Shabby Chic Coffee Table

~Anne

Valentine’s Day Wreath Made With A Dropcloth

Valentine's Day Wreath Made With A Dropcloth Tutorial

I adore Valentine’s Day decorations.  When we owned our little flower shop, it was so exciting to see the shop filled with beautiful flowers, cuddly stuffed animals and fun balloons.  It was the craziest time of the year for our family, but overall we made amazing memories in that little shop during that time.  My husband would take several days off of work to help me prepare and our mothers would take turns caring for our girls.  My sister came to run the phone and front counter while I arranged flowers until I couldn’t feel my fingers.  On Valentine’s Day any of our friends and family who were available poured into the shop to help in any way possible and that little shop became one big party…..with me still panicking and arranging flowers like a maniac.  I loved hearing everyone laugh and it was amazing to look around the room and see all the love those people had for us.

As Valentine’s Day approaches I try to add at least one festive item to our entryway.  This year I wanted to make something with things I already had at the house.  I looked through my craft stash and found an extra wire wreath frame that I purchased when the girls and I made cedar wreaths at Christmas time.  While digging I also saw a large chunk of dropcloth that was leftover from a chair I reupholstered last year.  So, I decided to use these items to make a wreath and would wing it as far as decorations.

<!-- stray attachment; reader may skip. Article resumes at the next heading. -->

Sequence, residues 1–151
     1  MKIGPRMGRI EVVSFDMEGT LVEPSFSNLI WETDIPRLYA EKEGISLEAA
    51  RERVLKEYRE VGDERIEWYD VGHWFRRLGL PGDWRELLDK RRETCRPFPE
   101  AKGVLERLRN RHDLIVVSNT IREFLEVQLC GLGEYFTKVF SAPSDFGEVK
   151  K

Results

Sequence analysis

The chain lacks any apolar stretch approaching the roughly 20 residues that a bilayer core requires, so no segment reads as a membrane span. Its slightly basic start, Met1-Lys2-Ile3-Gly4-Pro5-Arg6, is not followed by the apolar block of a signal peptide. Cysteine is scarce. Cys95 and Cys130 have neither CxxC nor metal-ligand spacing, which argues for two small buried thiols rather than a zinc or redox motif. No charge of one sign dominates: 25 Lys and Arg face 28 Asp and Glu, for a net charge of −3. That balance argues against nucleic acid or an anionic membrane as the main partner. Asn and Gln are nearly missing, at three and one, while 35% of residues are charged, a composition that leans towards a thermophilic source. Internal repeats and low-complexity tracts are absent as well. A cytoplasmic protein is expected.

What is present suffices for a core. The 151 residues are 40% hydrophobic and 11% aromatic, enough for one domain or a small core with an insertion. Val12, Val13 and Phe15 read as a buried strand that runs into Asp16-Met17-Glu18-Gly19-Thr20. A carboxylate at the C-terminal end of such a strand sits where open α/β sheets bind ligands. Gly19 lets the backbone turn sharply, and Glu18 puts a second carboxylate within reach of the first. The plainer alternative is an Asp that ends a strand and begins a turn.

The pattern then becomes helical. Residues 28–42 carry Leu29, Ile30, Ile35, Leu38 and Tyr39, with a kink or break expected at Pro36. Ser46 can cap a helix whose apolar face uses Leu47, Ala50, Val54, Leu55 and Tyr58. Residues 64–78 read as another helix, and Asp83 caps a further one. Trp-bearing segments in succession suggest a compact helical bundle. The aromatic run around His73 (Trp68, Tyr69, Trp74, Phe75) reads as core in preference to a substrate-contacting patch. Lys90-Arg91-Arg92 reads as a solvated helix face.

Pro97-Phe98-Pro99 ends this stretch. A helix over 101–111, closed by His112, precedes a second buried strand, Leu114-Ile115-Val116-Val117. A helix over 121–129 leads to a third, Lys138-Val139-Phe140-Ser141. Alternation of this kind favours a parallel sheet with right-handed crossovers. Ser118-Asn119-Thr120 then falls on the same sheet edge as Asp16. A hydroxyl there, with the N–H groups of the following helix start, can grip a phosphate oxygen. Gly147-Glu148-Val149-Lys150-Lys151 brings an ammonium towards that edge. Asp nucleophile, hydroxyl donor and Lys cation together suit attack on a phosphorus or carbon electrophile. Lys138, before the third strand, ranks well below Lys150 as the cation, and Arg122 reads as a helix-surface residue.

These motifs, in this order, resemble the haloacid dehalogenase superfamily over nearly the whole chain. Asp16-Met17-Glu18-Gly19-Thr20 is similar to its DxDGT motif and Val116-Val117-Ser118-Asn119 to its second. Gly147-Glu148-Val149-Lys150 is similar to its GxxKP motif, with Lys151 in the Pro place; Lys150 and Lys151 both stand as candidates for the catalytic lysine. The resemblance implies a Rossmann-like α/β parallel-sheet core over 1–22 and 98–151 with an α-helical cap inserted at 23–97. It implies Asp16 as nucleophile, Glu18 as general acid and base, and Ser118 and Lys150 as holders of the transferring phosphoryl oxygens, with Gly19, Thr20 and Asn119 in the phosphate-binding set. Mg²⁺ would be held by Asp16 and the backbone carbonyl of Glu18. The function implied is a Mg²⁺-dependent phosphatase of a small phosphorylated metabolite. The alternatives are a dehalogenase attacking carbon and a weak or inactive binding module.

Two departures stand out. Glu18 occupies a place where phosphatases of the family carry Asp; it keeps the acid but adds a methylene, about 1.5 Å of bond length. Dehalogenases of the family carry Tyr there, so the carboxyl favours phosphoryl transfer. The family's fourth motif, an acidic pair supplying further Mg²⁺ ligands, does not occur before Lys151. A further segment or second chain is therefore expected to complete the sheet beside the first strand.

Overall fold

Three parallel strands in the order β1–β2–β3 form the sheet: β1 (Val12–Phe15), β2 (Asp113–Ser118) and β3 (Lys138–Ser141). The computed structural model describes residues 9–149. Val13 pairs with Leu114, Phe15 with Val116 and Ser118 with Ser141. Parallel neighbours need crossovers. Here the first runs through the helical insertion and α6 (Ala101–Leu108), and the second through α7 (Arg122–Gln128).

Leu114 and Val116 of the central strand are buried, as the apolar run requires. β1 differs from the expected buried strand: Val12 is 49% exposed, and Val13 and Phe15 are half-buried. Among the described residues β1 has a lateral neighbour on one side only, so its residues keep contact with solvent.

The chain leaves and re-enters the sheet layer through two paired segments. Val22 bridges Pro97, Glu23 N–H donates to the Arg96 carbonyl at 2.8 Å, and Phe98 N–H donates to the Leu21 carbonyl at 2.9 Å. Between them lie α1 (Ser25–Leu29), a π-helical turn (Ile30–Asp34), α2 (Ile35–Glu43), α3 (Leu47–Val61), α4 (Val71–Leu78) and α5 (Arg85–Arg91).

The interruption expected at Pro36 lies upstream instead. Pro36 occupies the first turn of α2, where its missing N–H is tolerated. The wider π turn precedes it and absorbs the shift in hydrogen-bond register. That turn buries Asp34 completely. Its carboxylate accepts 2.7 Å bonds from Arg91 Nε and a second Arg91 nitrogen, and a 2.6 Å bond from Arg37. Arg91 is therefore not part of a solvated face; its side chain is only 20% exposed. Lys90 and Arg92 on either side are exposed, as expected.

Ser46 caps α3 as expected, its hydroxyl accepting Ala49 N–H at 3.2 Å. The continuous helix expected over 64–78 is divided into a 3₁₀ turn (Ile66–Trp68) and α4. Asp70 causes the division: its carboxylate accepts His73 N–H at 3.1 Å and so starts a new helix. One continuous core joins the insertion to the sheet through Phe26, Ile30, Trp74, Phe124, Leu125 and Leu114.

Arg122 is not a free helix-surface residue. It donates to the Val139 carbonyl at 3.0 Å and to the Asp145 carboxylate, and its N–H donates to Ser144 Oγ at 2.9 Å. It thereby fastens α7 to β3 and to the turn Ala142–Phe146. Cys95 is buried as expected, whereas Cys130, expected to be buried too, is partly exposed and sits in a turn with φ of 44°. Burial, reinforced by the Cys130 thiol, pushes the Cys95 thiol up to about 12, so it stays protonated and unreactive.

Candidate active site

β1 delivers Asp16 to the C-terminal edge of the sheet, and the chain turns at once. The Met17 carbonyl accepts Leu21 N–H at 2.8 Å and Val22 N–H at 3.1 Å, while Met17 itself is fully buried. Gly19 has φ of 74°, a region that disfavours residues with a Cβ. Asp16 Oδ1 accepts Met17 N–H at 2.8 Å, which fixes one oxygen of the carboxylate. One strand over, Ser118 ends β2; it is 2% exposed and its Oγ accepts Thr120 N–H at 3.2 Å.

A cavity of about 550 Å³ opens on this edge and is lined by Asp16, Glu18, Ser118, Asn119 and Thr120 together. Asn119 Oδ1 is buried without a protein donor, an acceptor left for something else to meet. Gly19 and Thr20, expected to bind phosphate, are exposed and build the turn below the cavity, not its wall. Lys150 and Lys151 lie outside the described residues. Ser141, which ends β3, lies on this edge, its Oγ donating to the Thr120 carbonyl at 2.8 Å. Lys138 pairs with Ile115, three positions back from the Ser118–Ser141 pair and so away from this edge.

Valentine's Day Wreath Made With A Dropcloth

Valentine's Day Wreath Made With A Dropcloth

What is needed:

  • Wire floral frame (I used a 12 inch frame)
  • Canvas drop cloth (I purchased mine at Lowes)
  • Scissors
  • Several pieces of floral wire
  • Floral tape
  • Wirecutters
  • Decorations